"Storm prevents sea ice from recovering! If looked at in just the right way, using a 14th order polynomial extrapolation, we can see that extent was set to expand to 30 million km2 by early October! The alarmists keep saying that the planet is warming, but it's really just these pesky storms. What idiots!"
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  24. Sph@16, this all brings to mind a thought process I've had brewing, for a bit: We need to creater a new taxon, and taxonomic terminology, to these threads.

    I'll start the ball rolling: I'm sure the brain trust will polish it better.

    "Ostrichus climata minimus."

    On topic; yea, you, and all the other prevaricatin', gravy-train-entrained, conspiratorial, and lyin' *scientists* seem to agree. We did it. It's getting worse. It's not likely to get better anytime soon.

    I've long ago reached my "Oh, shit!" moment: this years Arctic news just bumps that button harder. Next year is going to be *verrrrry* interesting.
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  25. Bratisla @ 9 asked about providing a graph of rate of sea ice loss. I did so in late August/early September, in this comment on a post by Neven.

    The graph shows changes in sea ice extent from the JAXA data, smoothed with a 5-day running mean. Here is the graph again:

    Image and video hosting by TinyPic

    The August storm is the precipitous loss around day 220. Note that there was also a huge loss around day 160 - roughly two months before the storm. Generally, the loss rates are on the low side of "normal". Clearly, the August storm did affect loss rates, but clearly other factors were in play, too - much of the season prior to the storm shows loss rates as low as or lower than most previous years. Note that 2007 also had a similar minimum (greatest loss) around day 185 - so the August 2012 storm was not unprecedented in causing huge losses.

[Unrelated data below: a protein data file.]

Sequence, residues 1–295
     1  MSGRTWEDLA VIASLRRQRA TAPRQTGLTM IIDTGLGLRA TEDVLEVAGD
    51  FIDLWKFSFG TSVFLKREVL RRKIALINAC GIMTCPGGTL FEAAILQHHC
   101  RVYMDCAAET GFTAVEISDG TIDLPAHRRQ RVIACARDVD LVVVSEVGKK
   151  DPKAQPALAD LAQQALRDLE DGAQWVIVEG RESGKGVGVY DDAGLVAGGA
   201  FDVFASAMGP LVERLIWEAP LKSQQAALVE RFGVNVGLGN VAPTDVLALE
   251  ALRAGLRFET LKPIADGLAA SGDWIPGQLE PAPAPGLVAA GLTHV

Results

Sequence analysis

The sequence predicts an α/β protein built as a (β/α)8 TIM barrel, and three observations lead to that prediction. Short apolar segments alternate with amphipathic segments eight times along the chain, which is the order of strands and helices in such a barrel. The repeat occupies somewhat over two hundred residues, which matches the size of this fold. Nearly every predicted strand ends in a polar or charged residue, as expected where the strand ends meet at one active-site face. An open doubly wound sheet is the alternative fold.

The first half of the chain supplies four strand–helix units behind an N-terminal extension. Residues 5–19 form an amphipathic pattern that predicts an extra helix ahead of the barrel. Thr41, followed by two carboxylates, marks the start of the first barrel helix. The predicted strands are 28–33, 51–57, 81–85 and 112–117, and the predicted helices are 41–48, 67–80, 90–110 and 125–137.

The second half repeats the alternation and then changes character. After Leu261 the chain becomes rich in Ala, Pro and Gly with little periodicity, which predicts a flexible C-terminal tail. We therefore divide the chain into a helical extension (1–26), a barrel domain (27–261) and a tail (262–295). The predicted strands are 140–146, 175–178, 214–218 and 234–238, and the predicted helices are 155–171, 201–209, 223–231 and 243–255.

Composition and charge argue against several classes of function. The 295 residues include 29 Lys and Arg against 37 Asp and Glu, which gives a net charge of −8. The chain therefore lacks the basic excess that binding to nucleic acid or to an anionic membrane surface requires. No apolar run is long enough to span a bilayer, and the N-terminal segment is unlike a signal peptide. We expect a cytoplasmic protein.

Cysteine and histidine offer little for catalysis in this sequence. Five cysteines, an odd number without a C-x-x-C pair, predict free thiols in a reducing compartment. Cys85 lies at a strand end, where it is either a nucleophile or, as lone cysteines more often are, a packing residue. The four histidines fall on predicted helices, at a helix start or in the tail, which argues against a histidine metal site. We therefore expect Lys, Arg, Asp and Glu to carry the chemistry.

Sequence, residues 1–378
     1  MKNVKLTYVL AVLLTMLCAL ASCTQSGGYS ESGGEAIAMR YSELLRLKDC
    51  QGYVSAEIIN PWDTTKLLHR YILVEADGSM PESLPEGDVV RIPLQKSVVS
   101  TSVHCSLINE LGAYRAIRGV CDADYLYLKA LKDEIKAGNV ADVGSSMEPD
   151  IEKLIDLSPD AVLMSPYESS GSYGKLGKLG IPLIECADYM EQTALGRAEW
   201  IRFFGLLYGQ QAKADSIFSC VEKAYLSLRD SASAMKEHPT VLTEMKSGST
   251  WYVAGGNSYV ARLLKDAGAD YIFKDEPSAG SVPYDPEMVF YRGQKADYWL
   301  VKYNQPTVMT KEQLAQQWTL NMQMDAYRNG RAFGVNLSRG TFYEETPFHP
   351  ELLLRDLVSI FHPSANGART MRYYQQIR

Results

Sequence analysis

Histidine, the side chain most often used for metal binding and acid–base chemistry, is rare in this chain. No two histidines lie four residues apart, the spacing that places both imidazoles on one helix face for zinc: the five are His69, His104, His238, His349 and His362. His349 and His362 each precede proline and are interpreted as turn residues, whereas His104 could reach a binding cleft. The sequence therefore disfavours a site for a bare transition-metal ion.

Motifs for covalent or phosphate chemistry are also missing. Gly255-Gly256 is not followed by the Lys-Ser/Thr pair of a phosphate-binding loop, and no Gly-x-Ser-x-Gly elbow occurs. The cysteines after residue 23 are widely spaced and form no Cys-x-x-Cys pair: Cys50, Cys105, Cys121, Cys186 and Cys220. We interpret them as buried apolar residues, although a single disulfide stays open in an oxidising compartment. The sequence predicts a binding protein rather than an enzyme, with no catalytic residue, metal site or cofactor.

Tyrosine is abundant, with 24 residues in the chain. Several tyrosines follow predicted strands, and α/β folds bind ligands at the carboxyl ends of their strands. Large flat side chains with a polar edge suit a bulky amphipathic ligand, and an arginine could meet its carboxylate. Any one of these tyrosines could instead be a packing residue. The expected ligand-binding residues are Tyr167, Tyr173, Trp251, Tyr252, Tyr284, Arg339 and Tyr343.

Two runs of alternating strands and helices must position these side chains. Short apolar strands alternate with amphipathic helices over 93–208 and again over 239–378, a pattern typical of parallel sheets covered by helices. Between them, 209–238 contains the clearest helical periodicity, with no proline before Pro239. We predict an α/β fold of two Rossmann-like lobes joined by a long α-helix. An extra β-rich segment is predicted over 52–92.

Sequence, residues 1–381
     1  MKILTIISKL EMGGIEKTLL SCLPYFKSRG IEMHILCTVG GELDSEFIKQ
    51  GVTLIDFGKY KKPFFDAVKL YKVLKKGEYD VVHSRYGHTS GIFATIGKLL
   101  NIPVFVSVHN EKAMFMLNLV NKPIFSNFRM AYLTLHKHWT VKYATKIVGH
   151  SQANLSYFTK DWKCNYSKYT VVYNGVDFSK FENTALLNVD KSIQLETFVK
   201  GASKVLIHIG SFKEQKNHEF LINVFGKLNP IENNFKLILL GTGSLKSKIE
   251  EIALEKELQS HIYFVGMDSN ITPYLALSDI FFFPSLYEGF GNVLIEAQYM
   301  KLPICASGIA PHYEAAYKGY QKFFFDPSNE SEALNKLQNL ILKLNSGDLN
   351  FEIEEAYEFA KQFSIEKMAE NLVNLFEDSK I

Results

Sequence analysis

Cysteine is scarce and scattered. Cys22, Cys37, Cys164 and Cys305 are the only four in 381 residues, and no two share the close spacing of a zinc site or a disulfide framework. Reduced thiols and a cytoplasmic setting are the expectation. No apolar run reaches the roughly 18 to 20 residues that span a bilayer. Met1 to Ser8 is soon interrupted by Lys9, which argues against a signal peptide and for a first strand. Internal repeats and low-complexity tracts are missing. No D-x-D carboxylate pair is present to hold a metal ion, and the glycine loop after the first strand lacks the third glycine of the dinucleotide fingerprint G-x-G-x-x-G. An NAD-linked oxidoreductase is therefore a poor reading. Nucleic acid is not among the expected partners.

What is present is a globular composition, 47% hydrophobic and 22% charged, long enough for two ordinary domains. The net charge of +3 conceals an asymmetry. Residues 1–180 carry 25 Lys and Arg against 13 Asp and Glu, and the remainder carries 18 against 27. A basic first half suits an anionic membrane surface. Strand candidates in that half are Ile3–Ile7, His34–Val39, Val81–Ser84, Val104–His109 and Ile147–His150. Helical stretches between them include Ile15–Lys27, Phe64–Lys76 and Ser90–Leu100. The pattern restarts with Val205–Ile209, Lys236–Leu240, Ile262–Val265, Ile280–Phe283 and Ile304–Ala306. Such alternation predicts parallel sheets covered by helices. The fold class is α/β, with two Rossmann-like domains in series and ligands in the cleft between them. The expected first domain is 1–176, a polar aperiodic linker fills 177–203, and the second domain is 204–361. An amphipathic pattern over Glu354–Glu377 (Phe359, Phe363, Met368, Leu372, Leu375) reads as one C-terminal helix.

I've kept watching the data in this manner - the rest of the season has nothing remarkable, so I won't try to post another version of the graph with the updated data. Readers that wish to do so can find links to the data at Neven's blog (or retype the url given on the graph).

    To use a baseball analogy, the melt and conditions earlier in the season loaded the bases - the storm was the clean-up batter that hit the Grand Slam home run. After that, the defence crumbled and the batting team just kept getting run after run after run. Although the one pitch that was hit out of the park was significant, you can't blame the blowout on that single factor.

    The fake skeptic's claims that everything is normal, other than the August storm, is just bunkum.
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  26. Clarification: when I say "the loss rates are on the low side of normal" and "as low as or lower than most previous years" in the above comment, I'm writing from a mathematical perspective where more negative numbers are lower on the graph. As the graph uses positive numbers for gains and negative numbers for losses, lower points on the graph actually represent a greater loss rate - so much of this season shows loss rates that exceed past years. The 2007 record was destined to be history long before the August 2012 storm.